“The grand jury took the investigation where the facts led it, however Texas law limits what can be investigated after a grand jury extension order is issued,” she said in a statement. “In light of this and after careful research and review, this office dismissed the indictments.”

Daleiden expressed thankfulness for the development.

“I’m glad the first Amendment rights of all citizen journalists have been vindicated today,” he told reporters. “And I would just note that Planned Parenthood is still under investigation by the United States Congress, as they should be, because they are the real criminals in this matter.”

http://christiannews.net/2016/07/26/district-attorney-dismisses-all-charges-against-man-behind-planned-parenthood-expose/
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« Reply #160 on: July 27, 2016, 10:23:53 pm »

https://www.yahoo.com/news/ilyse-hogue-dnc-speech-000000927.html
7/27/16
In a convention first, NARAL president talks about her own abortion


 PHILADELPHIA — Her remarks came in the 5 p.m. hour, not in primetime, but when NARAL Pro-Choice America President Ilyse Hogue spoke from the Democratic National Convention stage here on Wednesday, she made convention history.

On Tuesday, Planned Parenthood President Cecile Richards was the first speaker to utter the word abortion from the convention stage this year. The next day, Hogue broke new ground and spoke about having had one.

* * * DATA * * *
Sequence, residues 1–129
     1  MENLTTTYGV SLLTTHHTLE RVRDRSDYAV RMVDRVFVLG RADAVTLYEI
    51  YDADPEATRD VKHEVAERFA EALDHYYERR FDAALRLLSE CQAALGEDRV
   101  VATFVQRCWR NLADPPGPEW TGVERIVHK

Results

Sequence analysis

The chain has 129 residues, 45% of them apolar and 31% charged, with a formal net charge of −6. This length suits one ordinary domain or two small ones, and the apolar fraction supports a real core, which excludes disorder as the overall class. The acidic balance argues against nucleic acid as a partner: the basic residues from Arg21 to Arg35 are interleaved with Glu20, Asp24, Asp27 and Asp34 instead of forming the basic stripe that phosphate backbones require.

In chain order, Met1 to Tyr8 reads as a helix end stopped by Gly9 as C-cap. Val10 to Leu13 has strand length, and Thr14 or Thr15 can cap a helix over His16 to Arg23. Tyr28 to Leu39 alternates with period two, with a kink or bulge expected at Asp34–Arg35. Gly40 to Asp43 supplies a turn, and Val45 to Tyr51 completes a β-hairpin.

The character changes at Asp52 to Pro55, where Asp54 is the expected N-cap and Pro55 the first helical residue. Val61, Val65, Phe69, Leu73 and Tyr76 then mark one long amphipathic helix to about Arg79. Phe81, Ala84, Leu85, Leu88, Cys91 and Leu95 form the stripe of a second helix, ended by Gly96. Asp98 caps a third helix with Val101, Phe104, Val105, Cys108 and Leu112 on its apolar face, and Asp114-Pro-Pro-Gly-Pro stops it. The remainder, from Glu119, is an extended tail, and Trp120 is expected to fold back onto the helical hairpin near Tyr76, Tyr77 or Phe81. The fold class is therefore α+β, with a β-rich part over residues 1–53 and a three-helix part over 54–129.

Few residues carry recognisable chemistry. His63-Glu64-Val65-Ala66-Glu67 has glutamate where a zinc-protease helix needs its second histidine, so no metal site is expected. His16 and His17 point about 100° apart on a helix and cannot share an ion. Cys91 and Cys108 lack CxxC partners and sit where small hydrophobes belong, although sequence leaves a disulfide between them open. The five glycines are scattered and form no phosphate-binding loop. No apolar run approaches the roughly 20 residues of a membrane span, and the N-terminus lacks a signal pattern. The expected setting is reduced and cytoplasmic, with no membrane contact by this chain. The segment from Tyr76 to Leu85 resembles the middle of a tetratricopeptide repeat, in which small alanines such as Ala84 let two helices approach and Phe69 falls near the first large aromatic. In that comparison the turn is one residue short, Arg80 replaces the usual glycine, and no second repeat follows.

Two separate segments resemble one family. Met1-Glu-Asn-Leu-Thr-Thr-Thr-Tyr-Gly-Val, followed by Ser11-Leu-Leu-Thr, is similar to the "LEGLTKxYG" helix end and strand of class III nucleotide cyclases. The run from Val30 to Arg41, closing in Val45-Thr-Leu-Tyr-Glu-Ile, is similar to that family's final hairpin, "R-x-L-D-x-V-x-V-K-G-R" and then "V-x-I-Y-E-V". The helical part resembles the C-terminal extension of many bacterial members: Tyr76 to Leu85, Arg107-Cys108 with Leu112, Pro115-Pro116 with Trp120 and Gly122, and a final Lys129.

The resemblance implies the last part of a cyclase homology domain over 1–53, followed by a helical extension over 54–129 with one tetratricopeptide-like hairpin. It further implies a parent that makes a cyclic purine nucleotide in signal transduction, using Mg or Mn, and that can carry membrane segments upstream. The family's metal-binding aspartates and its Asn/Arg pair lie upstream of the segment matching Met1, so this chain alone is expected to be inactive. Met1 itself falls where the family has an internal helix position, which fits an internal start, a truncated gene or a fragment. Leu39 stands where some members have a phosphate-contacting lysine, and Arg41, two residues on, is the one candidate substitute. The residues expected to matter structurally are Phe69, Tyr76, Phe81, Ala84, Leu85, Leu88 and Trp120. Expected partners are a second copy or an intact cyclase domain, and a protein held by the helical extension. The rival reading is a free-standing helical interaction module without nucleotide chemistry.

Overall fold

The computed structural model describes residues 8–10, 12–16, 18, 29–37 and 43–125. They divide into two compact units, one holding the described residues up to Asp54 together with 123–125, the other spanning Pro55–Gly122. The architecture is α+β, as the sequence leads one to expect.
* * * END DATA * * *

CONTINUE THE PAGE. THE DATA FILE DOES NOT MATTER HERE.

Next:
“I am a fourth-generation Texan,” said Hogue, who before leading the National Association for the Repeal of Abortion Laws had worked with MoveOn.org in Washington, D.C. “Texas women are tough. We approach challenges with clear eyes and full hearts. To succeed in life, all we need are the tools, the trust, and the chance to chart our own path.”

She continued: “I was fortunate enough to have these things when I found out I was pregnant years ago. I wanted a family, but it was the wrong time. I made the decision that was best for me — to have an abortion and get compassionate care at a clinic in my own community. Now, years later, my husband and I are parents to two incredible children.

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« Reply #161 on: August 08, 2016, 02:10:46 pm »

http://www.huffingtonpost.com/jason-salzman/again-a-republican-us-sen_b_11298906.html
Again, a Republican U.S. Senate Candidate Backpedals on Abortion
8/8/16

If you look at the Colorado Right to Life website, you’ll see that Colorado U.S. Senate candidate Darryl Glenn is labled “pro-life.”

If you’re Colorado Right to Life, you’re opposed to all abortion, even for **** and incest. No exceptions. No abortion. Never. And you’re opposed to some forms of birth control, like some intrauterine devices (IUDs).

The group determined that Glenn is “pro-life” based on his answers to questions about seven “pro-life issues,” revealing his position “through specific language with no weasel-room.”

Colorado Right to Life states: